After a long debate, a majority of the House of Representatives voted Feb. 26 to authorize Georgia Power to begin charging its customers higher rates in 2011 for advance financing of the construction of two new nuclear reactors, which will not be in operation at Plant Vogtle before 2017 or beyond.
I opposed this legislation, SB 31, for several reasons. Utility rate decisions are under the authority of the Georgia Public Service Commission (PSC), not the state legislature. While supporters of the bill claimed this rate increase would create jobs and reduce costs in the long run, they were unable to give a clear reason as to why the Legislature was being asked to bypass the PSC. Also, the measure exempts large companies from the rate hike, leaving residential consumers and small businesses to shoulder the burden.
Another very serious concern for those of us in the Lake Hartwell area should be the lack of information on how the nuclear energy facilities will affect the water supply in the Savannah River Basin. I had requested an impact study several months ago as to how much additional water would be required to be released from Lake Hartwell for operations. No study was provided, but I was told the impact would be insignificant. (?)
The additional charges will provide Georgia Power stockholders an estimated $1 billion advance profit, plus prepayment of about $400 million in federal and state income taxes. Customers will also be charged additional sales tax on the higher rates.
Concerns over how rates would be affected if, for any reason, the nuclear reactors are not built also went unanswered by the bill’s supporters. This rate increase has no end date. But the measure passed and it is expected to be signed into law by the governor.
The House members voted Feb. 26 to approve an amended $18.9 billion state budget for the remainder of fiscal year 2009, which ends June 30. The budget had to be trimmed by $2.3 billion because of the shortfall in state tax revenues resulting from the economic recession.
Due to an influx of federal funding from the economic stimulus/bailout plan passed by Congress and signed into law by President Barack Obama, budget writers were able to come up with $428 million to restore the homeowner tax relief grants. These grants, which were marked for elimination in Gov. Perdue’s budget proposal, will save the average homeowner $200-$300 this year.
The House version of the plan also accounts for the furloughing of state employees in the Department of Human Resources and Department of Corrections, plus another $186 million in K-12 public school funding cuts that will have to be absorbed by local property taxpayers.
This spending plan represents a missed opportunity to implement prioritized budgeting in state government, including a complete audit of all state programs and private contracts. When the stimulus/bailout money from Washington, D.C., is gone, Georgia will still have its systemic problems in the budget process that have led to the current problems.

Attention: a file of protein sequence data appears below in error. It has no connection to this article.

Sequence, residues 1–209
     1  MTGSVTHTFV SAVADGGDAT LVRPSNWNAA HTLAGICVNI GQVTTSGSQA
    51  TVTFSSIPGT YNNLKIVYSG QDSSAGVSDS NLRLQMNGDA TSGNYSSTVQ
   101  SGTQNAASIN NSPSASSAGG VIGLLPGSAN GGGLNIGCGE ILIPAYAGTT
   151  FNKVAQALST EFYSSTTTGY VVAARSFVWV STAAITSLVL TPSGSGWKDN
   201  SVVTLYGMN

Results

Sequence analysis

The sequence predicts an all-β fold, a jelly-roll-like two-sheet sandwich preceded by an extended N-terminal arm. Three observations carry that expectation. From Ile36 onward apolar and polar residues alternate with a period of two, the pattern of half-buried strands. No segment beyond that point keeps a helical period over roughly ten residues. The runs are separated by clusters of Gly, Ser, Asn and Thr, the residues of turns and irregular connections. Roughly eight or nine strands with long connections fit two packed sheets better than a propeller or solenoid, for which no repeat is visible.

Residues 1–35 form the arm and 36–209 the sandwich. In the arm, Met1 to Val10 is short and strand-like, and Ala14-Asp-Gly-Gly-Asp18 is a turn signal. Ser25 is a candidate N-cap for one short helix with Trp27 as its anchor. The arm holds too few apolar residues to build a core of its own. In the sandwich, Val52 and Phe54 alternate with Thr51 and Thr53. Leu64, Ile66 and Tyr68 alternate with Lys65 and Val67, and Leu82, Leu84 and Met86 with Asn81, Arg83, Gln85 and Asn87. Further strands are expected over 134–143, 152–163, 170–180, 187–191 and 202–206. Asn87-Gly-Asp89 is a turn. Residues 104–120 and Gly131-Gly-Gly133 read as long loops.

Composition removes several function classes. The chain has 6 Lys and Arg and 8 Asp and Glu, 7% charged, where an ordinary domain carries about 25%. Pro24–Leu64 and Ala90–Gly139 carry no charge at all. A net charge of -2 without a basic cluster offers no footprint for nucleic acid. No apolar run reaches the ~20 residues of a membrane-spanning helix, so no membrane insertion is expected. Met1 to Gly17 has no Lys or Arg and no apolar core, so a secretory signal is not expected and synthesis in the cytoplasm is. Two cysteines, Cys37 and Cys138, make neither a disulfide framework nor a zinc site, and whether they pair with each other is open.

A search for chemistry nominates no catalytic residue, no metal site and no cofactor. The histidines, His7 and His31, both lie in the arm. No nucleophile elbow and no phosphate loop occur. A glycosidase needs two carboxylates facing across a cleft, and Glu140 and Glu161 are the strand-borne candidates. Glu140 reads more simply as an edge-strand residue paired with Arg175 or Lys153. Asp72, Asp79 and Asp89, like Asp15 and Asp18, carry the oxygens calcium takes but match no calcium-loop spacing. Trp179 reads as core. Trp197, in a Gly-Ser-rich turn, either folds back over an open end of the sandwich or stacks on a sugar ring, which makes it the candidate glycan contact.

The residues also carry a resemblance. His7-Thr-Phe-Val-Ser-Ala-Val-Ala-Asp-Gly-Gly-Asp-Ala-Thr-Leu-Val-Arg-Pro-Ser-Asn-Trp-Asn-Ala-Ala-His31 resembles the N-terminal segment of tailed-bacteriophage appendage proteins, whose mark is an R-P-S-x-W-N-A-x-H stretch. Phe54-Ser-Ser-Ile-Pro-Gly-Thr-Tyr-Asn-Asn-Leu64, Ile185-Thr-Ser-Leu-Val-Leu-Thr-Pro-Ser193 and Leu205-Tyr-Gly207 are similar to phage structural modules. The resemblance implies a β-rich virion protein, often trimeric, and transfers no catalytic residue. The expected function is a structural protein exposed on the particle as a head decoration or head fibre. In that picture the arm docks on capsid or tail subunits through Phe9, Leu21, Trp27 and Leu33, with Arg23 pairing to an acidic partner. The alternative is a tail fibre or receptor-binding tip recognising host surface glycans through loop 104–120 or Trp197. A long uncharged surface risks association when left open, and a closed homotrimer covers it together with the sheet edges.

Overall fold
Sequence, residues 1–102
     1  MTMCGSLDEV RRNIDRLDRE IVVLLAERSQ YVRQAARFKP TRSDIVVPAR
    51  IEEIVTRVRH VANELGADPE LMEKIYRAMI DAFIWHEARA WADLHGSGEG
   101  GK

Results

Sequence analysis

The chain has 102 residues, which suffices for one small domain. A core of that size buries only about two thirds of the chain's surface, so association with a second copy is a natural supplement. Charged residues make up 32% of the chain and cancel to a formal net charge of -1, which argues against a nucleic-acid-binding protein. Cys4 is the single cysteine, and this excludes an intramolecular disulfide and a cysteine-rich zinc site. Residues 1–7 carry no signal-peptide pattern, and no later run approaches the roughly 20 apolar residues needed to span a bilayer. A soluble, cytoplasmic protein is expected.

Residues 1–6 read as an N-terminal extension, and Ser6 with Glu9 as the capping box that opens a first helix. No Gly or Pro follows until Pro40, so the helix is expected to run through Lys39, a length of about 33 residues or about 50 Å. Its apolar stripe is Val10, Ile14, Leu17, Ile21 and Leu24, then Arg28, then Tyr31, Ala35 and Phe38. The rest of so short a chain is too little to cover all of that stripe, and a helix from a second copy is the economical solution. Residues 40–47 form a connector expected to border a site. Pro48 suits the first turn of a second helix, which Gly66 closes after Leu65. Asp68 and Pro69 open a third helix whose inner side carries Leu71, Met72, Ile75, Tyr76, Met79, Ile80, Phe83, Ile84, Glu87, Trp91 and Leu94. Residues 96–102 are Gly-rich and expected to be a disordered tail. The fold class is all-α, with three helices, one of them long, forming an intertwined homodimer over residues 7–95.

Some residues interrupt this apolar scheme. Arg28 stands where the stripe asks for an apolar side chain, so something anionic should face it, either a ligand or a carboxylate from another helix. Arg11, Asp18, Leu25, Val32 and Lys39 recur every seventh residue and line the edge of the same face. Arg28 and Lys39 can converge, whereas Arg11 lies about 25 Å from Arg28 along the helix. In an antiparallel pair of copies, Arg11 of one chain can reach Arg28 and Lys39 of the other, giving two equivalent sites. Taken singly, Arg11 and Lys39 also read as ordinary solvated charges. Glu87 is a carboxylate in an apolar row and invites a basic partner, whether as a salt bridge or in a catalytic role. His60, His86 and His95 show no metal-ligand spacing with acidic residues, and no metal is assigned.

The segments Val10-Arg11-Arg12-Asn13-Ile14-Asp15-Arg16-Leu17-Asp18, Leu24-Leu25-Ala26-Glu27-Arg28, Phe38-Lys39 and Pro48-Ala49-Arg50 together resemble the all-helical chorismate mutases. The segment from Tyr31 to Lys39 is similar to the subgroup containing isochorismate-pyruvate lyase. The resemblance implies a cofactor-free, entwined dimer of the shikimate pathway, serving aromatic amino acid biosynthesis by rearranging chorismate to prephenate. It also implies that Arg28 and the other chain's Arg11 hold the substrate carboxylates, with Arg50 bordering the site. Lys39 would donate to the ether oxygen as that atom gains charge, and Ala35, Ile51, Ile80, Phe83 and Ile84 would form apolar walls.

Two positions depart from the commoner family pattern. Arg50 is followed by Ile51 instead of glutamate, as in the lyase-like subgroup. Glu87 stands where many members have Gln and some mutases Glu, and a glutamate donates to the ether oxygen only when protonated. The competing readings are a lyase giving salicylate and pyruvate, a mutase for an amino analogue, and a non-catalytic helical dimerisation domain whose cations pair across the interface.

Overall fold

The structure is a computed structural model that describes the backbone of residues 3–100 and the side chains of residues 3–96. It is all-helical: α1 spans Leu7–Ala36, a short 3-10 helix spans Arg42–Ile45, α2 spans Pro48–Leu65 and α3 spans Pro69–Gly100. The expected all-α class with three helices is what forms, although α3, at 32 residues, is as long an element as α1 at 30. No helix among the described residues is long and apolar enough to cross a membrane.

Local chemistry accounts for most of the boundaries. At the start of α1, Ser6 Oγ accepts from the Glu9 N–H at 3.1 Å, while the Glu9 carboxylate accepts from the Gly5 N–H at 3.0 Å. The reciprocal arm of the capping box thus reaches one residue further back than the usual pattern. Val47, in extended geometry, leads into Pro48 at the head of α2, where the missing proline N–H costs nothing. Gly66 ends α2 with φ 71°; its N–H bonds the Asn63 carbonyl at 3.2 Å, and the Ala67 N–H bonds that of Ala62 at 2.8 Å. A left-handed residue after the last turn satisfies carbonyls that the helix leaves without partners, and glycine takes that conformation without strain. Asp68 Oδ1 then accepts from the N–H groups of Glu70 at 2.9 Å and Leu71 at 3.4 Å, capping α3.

The Senate will now consider the supplemental budget while the House continues to work on the annual budget for fiscal year 2010.
Thursday, Feb. 26, was the 24th day of the 2009 session of the General Assembly, and the pace of legislation has picked up in recent days. Some of the bills approved by the House and sent to the Senate last week include:
HB 100, which would expand a state program implemented last year that provides income tax credits to individuals and corporate entities that donate to organizations set up to provide scholarships for parents to pull their children out of public schools and send them to private schools.
HB 149, which would allow students in their junior or senior year of public high school to study at a post-secondary college, university or technical college and receive high school credit, which would count toward graduation.
HB 229, which would require local school systems to conduct an annual fitness assessment and comply with state physical education instruction requirements.
HB 343, which would establish the position of weight inspector for the Department of Public Safety. The inspectors would enforce weight, registration, size and load regulations for commercial trucks.
Please contact me with your views on the issues facing the state legislature.
Rep. Alan Powell (D-Hartwell) represents the 29th District (Franklin, Hart and Madison counties) in the Georgia House of Representatives. Contact him at 507 Coverdell Office Building, Atlanta, GA 30334; by phone at 404-656-0202 or by e-mail at email@example.com. For more information, visitwww.alanpowell.net.
03/10/09 at 07:48 AM
I oppose as well, George Power is killing people with their rates already. I live in Danielsville I can only receive George Powers service and the way they act to me is that I pay their high bills or freeze,"do without electricity." They know they have us in the palm of their hand and it geets under my skin when they "GEORGE POWER" wants to raise any kind of price on their customers we are all trying to keep a float in these times "GEORGE POWER" have some kind of compassion. I have Three Kids from the ages of 15 months to 7yrs and 3 adults and 2 of them are unemployed it is really hard when they just up and add a $150.00 to your bill just because life has delt you a bad hand and you had to be out of work and you are behind on your bill a month everyone knows you get like that it is hard to bounce back.